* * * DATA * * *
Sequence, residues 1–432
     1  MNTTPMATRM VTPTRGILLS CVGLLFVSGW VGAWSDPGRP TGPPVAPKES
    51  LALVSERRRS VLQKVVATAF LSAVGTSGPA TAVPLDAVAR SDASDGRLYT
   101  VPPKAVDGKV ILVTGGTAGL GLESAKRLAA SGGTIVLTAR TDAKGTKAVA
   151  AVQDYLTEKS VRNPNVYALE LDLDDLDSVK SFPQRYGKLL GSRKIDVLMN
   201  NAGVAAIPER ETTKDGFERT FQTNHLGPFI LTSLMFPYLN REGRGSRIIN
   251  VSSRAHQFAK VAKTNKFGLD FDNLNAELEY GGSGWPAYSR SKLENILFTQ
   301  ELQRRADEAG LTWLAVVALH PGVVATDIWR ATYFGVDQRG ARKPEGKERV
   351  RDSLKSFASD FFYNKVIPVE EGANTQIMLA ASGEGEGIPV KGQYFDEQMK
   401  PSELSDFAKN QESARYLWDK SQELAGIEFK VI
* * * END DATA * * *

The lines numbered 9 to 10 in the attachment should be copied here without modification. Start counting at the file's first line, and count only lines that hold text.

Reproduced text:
   351  RDSLKSFASD FFYNKVIPVE EGANTQIMLA ASGEGEGIPV KGQYFDEQMK
   401  PSELSDFAKN QESARYLWDK SQELAGIEFK VI